Tuesday, October 18, 2005

Solange's silence

Solange's secret is one she shared with thousands of women in Europe until the 1970s. These women were strangled by shame. They could not talk about their secret. Society would not let them anyway, as they were considered outlaws. These women had aborted.
This is the very serious issue "What have you done to Solange?" was built on back in 1972.

Living in Italy or in France, you only had two options: either leave the country to have a legal abortion in a hospital in the UK or the Netherlands. Or abort in clandestinity - which usually meant dreadful conditions, leaving women wounded forever or even killing them (on this particular point it is noticeable that Solange Beauregard is probably French and that the film takes place in England, shot by an Italian director).

Contrary to a lot of gialli, here the women are somehow empowered: only them have the answer to the question raised in the title. Men don't know or don't understand. It's a women's secret.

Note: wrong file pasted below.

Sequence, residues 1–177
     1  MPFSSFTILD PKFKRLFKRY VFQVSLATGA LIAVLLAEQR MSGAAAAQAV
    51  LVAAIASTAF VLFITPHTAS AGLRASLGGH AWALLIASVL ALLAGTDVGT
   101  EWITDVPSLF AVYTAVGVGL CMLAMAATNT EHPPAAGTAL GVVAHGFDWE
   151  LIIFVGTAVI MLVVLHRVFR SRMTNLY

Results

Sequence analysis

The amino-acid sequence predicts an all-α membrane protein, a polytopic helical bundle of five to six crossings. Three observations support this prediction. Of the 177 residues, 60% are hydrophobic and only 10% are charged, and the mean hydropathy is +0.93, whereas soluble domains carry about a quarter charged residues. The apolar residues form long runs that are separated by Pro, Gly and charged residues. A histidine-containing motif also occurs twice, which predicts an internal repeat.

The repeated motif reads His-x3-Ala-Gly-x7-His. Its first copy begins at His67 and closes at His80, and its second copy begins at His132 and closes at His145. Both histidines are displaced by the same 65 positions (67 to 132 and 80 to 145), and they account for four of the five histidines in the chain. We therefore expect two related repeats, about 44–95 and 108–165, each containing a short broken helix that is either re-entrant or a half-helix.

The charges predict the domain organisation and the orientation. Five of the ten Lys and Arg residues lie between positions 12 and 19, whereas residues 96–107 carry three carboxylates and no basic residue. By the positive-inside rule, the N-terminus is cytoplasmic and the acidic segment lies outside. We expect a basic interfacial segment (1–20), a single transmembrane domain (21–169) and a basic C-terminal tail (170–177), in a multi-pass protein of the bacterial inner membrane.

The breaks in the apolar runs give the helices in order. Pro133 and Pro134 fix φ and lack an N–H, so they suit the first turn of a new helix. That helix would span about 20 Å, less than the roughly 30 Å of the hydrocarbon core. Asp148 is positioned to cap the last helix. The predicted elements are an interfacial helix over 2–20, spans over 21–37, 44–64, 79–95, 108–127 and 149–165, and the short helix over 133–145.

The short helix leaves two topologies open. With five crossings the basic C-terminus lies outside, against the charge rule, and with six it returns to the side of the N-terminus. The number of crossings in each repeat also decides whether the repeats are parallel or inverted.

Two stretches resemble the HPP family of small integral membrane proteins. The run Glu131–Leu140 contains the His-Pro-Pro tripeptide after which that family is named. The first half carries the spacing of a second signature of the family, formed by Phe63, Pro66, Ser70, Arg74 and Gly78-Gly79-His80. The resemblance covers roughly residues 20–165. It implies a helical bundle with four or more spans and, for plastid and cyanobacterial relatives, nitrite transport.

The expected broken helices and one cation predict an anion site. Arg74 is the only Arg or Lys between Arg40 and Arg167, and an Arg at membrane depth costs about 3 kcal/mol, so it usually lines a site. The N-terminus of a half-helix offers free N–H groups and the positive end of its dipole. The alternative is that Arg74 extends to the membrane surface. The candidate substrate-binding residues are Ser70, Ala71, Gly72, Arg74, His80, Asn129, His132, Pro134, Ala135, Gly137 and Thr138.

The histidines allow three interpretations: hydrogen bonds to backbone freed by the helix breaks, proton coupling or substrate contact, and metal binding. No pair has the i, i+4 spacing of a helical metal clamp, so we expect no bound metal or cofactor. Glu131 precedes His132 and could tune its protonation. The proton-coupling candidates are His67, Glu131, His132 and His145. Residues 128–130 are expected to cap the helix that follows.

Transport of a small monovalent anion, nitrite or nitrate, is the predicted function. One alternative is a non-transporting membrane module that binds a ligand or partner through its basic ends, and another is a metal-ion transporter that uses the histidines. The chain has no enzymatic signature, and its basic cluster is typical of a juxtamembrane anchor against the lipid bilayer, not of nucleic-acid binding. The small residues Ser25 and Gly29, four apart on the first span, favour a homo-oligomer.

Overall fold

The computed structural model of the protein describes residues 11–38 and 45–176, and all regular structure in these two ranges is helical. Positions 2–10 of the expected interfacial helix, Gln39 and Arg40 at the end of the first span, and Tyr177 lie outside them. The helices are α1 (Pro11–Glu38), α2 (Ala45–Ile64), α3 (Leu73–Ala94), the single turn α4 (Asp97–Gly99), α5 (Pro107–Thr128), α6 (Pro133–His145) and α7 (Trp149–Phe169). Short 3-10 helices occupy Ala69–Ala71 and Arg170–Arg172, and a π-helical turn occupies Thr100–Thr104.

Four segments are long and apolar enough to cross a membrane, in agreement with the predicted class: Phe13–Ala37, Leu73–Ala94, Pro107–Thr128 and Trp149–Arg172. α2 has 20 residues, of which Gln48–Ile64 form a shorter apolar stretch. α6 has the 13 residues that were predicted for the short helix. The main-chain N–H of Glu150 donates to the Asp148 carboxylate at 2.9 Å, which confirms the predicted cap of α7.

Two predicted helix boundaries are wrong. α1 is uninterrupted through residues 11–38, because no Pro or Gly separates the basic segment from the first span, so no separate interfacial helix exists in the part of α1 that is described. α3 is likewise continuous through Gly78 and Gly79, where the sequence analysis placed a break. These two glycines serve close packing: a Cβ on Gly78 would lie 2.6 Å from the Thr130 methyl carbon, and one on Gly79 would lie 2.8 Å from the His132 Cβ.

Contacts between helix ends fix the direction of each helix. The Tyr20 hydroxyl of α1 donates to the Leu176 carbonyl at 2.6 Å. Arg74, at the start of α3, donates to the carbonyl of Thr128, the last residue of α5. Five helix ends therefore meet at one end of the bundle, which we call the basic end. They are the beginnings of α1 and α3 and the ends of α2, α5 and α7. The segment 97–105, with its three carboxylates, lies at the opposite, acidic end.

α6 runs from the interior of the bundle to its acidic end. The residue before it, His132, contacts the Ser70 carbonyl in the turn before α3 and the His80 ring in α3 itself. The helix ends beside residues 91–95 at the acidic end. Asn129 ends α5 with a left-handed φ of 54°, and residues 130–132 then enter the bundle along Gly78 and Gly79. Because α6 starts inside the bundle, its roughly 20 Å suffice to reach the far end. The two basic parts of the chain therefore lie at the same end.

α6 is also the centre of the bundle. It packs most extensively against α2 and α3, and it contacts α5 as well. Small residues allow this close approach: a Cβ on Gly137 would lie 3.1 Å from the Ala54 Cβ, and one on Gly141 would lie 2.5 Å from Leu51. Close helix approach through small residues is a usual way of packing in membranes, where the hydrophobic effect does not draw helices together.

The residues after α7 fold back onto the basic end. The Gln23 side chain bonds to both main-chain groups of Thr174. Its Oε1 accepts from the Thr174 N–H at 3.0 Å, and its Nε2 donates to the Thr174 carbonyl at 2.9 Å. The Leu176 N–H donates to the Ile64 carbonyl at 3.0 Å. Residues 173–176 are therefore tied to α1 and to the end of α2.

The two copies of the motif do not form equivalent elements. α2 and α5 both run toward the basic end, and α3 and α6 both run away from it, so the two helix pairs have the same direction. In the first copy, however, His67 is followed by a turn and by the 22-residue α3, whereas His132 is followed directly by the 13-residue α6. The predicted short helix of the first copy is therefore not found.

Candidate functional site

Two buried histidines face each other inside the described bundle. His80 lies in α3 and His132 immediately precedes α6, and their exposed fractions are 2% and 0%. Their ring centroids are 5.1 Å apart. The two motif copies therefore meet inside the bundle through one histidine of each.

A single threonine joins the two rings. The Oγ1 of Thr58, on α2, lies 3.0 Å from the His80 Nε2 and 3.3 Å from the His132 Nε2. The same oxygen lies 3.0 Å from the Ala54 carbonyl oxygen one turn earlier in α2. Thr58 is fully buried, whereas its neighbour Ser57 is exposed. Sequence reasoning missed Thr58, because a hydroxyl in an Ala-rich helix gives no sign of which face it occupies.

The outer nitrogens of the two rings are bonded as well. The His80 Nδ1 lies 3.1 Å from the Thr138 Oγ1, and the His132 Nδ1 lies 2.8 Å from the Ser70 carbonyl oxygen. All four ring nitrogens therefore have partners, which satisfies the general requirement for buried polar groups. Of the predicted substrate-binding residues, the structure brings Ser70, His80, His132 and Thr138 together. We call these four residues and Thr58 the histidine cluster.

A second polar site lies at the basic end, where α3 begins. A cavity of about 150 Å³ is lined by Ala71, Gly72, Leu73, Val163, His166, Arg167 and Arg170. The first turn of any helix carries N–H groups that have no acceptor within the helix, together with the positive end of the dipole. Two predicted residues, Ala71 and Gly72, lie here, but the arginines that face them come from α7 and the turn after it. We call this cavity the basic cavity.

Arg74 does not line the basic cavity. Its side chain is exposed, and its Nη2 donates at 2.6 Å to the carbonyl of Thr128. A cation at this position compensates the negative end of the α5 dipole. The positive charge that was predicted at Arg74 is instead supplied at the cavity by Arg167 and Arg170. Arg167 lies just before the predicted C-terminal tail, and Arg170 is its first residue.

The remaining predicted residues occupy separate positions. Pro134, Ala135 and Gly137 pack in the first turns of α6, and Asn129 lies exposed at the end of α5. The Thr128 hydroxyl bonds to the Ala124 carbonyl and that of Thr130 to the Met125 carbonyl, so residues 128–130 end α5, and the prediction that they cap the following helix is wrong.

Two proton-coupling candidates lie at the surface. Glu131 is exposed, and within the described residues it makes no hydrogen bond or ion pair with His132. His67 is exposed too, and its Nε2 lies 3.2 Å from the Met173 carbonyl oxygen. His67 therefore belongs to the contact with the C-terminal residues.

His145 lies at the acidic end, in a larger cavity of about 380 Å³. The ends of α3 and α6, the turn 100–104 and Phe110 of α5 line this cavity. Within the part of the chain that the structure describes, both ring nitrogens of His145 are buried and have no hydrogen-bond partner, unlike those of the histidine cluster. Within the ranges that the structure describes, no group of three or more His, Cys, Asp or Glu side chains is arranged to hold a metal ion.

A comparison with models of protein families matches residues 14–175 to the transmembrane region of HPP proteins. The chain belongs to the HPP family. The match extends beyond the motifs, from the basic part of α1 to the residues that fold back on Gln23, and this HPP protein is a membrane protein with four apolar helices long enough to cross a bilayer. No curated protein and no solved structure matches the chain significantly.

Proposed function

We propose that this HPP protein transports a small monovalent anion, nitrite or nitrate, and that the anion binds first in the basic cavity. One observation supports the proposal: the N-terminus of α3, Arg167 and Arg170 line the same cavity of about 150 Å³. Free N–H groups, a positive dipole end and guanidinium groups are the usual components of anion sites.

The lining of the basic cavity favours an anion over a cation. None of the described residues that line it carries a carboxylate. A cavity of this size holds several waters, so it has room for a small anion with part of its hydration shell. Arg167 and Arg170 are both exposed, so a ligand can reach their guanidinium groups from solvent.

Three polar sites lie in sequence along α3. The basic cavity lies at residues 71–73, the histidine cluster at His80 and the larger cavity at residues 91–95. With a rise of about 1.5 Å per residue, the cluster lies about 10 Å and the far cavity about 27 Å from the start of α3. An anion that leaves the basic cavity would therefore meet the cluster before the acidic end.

But they are the victims as well. They form a shadow society which members are tied together by a common psychological and physical suffering. Solange's pain left her muted for ever. Wounded in such a way that she will never become a real woman. And neither revolve to be a child again.

Worse, the film demontrates she suffers in vain: by taking a revenge on the women Solange was the victim of, the killer spreads the barbary even further. Dallamano even manages to underline the ambiguous position of the Church, questioning its role as in other gialli, by showing the murderer dressing up as a priest to gain his preys' trust and have them revealing their terrible secrets.

Silence, secrets, taboo are the true killers of this desperate movie.
In this instance, "Solange" is a highly political giallo: it was urging everybody to bring the abortion issue to light and debate it publicly.

In France, abortion was legalized in 1974. In Italy, in 1978.

More on "What have you done to Solange?" here.

1 comment:

Whiggles said...

Thanks for this very interesting post. Abortion is so commonplace nowadays that you sometimes forget just what a big deal it must have been to present this subject in a film in 1972. This is probably my favourite non-Argento giallo of all time.